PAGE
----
To say that women are becoming more involved in the financial world is an understatement. While income inequality is still an issue, females are earning higher salaries and taking more agency with their finances than ever. So why aren’t they investing?
Research shows that men are five times more likely than women to prioritize investing. The reasons range from a lack of confidence to a distaste for the male-dominated world of financial planning, but one thing is certain – the needs of female investors aren’t being met.
That’s where Ellevest is looking to make a difference. They claim to offer investment advice customized for women, taking into account female-specific issues and attempting to make the whole experience more comfortable for their clientele.
But is Ellevest filling a service gap or taking advantage of timid or inexperienced investors? Read on to find out what the experts think.
What Ellevest Does & How It's Different
Ellevest is a robo advisor tailored to female financial needs. It recognizes the unique financial difficulties that women experience, including slower salary growth and increased longevity. They also claim to understand and address why women are more hesitant to invest their earnings – a main reason they fall behind in retirement planning.
In seeking to narrow that gender investment gap, Ellevest is dealing with the murky but important emotional aspect of investing. According to some experts, that could mean all the difference.
“The emotional side of investing is more influential than just about anything else,” said CFP Meg Bartelt of Flow Financial Planning. “So, anything that makes women more comfortable with investing and directs them to a tried-and-true investment strategy is a good thing.”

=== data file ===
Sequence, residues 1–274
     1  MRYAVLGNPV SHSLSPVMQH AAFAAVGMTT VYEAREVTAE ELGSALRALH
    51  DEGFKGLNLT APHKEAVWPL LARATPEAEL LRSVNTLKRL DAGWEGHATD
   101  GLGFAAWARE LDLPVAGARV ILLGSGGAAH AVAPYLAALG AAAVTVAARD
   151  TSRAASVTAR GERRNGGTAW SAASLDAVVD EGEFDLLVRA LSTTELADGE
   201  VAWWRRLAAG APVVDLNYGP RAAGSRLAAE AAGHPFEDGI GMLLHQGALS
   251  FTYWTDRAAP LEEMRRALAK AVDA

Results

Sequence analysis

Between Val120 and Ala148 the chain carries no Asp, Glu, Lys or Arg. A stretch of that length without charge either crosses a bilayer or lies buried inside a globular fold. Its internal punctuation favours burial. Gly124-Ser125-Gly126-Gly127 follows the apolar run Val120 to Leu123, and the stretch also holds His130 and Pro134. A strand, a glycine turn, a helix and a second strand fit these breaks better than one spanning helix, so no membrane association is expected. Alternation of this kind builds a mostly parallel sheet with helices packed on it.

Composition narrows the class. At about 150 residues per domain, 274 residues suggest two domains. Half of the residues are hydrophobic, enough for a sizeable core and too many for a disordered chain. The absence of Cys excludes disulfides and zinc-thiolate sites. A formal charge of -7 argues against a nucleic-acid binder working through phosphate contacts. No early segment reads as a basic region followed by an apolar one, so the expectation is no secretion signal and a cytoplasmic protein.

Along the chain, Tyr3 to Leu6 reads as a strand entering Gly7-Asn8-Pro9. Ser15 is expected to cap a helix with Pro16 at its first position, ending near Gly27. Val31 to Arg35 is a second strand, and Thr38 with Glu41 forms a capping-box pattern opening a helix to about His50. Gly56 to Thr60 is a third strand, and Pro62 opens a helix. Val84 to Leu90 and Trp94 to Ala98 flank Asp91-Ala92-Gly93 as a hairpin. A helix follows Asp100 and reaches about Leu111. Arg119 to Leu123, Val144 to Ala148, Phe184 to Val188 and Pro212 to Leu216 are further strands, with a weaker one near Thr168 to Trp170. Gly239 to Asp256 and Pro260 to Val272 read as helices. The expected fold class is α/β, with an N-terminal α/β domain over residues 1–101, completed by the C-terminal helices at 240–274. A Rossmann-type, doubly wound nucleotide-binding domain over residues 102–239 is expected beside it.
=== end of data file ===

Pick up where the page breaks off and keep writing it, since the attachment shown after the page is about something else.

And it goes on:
How It Works
Ellevest, like other robo advisors, determines which investments to choose by asking the user questions about her goals, retirement timeline and financial history. It includes how much you’ll likely receive from social security and what kinds of accounts you currently have.
Ellevest charges customers an annual 0.5% fee based on the average daily account balance. For example, if your average balance is $100,000, you’ll pay $500 each year. Similar services from Betterment and Wealthfront charge significantly less at .25%.
That price difference seems small, but consider this – If you contribute $250 a month for 35 years and earn 6.25% interest after fees, you’ll earn $372,814. If you pay 0.25% less in fees, you’ll earn $394,141, or $21,327 extra. The more you contribute, the more important it is to minimize those fees.
“Compared to other robo-platforms, women would be better off using a cheaper services that charges much less,” said CFP Jared Tanimoto. “If they truly want a customizable offering, find a financial planner who specializes in working with women to actually deliver a plan that fits their needs.”
What Experts Recommend
Ellevest remains divisive among financial planners, many of whom think there are better products already on the market.
“I think it's an interesting concept, but I'm just not convinced that investing for women is that different than it is for men,” said CFP Sophia Bera of Gen Y Planning. “I'm more excited by Betterment and the new Premium and Betterment Advisor Network pricing that they just rolled out.”
Other planners say talking to a real human being would be more comforting to women concerned about retirement.
“Women do have a different set of needs and concerns, from unequal pay to a much higher need for long-term care in retirement, but how does an asset allocation model solve that?” said CFP Mark Struthers of Sona Financial. “I don't think it can – only a real fiduciary planner can do that.”
Anyone interested in a financial planner can find one through the National Association of Personal Financial Advisors or the Certified Financial Planners organization.
What do you think? If you're a woman would you give Ellevest a try?
Photo Credit: andreypopov